Simmered seitan can be a bit more fiddly to make than steamed, as it requires you set time aside to actually keep an eye on the simmering pot and ensure the simmering continues without advancing into too strong of a boil. It had it’s advantages though. The resulting seitan is more ‘steak-like’ in texture, and has a rich meaty flavour.
When the weather gets warmer, the cold udon noodle dish usually makes an appearance. It has that perfect balance of refreshing, from the cold udon noodles and veggies, and rich with the dense peanut sauce over the seitan strips. Don’t forget to squeeze a little lime over the top to add that extra ‘zing!’.
We’ve once again got Isa Chandra Moskowitz to thank for this recipe. I’ve included copies from her book ‘Vegan With A Vengence’ below. This was actually the first of her books that we got, a much loved gift from a friend. Don’t mind the messy pages! It just goes to prove how well loved this is…
Many of us have heard of ‘aquafaba’ now. The juice out of cans of chickpeas can be used to make vegan meringues, and as more people experiment we are discovering more ways it can be adapted to suit many of the complex uses of egg meringue.
So do you want to make your own vegan lemon meringue pie? Did you think going vegan would mean you would have to miss out on treats like this? Not at all! Here’s the recipe!
It happens to all of us, no use denying it. You crave foods from your pre-vegan days. Well, the good news is, if it’s a chicken burger you’re craving, you can have your burger and eat it too with this ‘Steamed Chicky Seitan’ burger from Isa Does It.
Here’s a running guide if you would like to skip ahead at any point: 0:00 “Intro” 0:05 “The Recipe” 0:18 “Meet’n’Greet-ients” (Meet The Ingredients? No? I Tried!) 2:30 “The Preparation” 6:43 “Wrapping Your Burgers” 11:50 “The First Finish” (You Can Have More Than One. Who Knew!?) 13:40 “Make It Smaller!” (That’s What She Said) 14:40 “One Final Tip” (That’s How She Lies To Herself) 15:25 “Serving Suggestions” (We Promise Ours Are Better Than The Cereal Box)
So, I was listening to ABC AM radio Friday morning and they were interviewing Richard Di Natale. I was quite surprised to hear him singing the praises of dairy farmers, basically putting his full support behind them. I found the transcript online, and here’s the quote:
“On the dairy industry, for example, we’ve got a range of policies that would look after farmers rather than at the moment you’ve got the old parties and the National party who I keep hearing from people right around the country, are just deserting farmers and not representing their interests.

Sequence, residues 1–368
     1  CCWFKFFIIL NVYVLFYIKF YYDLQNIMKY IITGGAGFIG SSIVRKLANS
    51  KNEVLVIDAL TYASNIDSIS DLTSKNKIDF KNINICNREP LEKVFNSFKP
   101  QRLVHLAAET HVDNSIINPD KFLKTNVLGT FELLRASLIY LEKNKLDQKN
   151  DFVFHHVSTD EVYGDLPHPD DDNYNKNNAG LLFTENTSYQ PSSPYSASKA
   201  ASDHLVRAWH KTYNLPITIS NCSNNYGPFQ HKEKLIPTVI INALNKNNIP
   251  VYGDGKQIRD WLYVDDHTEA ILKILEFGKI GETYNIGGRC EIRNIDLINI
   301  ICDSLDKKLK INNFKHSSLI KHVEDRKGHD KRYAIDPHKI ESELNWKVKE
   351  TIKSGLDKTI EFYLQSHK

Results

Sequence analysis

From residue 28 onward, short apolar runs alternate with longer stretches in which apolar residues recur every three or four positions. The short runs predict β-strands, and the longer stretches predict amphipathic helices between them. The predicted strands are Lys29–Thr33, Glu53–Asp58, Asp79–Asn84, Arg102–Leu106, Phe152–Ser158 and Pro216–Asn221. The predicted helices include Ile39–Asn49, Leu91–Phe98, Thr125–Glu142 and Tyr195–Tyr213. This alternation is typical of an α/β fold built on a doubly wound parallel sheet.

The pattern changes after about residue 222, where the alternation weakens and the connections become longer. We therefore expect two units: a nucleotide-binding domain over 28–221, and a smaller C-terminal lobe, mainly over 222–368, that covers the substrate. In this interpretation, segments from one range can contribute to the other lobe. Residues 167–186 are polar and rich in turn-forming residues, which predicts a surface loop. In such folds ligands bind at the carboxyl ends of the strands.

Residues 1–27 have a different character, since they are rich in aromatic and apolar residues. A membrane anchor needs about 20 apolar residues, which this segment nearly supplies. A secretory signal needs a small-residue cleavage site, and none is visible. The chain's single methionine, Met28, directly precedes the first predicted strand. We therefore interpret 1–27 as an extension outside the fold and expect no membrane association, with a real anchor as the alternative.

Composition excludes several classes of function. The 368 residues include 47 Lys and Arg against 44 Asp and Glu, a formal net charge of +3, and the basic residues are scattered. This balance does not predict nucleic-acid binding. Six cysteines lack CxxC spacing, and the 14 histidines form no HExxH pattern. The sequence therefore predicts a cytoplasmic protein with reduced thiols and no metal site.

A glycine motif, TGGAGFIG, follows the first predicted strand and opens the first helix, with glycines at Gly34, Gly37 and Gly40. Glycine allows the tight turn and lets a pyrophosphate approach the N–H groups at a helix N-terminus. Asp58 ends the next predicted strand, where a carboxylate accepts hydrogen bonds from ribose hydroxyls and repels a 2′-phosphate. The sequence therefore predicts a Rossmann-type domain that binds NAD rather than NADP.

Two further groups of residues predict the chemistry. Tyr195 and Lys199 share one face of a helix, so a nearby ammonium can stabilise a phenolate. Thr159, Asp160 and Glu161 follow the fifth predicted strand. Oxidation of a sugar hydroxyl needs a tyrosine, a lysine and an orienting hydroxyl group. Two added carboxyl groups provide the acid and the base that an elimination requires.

They’re more interested in supporting the fossil fuel industry, the mining industry. You’ve got that revolving door between the National party politicians and the coal seam gas industry.
People are fed up with it. They want a group who is going to represent their interests and they’re seeing that in the Greens.”
Basically, he’s looking for the dairy farmer’s vote in this election.
It’s always nice to be asked to a meal where your companion is genuinely excited for the food. Pair that with the joy of finding somewhere you loved in times P.V. (pre-vegan) had added vegan options to their menu and, generally, you know it’s going to be fiesta time for your taste buds!
Such were the circumstances when Montezuma’s of Melbourne Street, North Adelaide, announced on Wednesday that they were now able to ‘veganise’ any of their vegetarian menu items by switching the cheese and sour cream for vegan replacements. This would add a $2.50 fee to the price of any meal.
If you’re a bit of a food obsessed individual, like myself, you maybe find yourself sitting in front of your computer at odd hours reading Wikipedia articles on obscure food related topics, and developing a working knowledge of things that might seem interesting only to yourself (a basic history of the ‘base sauces’ recognized by French cuisine, maybe?). Sometimes it may seem there are certain food traditions that are simply out of reach to vegans while still remaining within the realm of practicality. It’s always a pleasant surprise when you are proven to be wrong, and I was recently with a visit to Ginza Miyako on North Terrace.
For years I’ve just wanted to go to Sydney. You know, Adelaide is my home sweet home, but I couldn’t help but get a little hung up on the fact that I’d never seen the two architectural structures that people from elsewhere probably associate most strongly with my homeland. It seems silly, but it was almost like a little pilgrimage, and totally fitting that we set out on Australia Day to get there.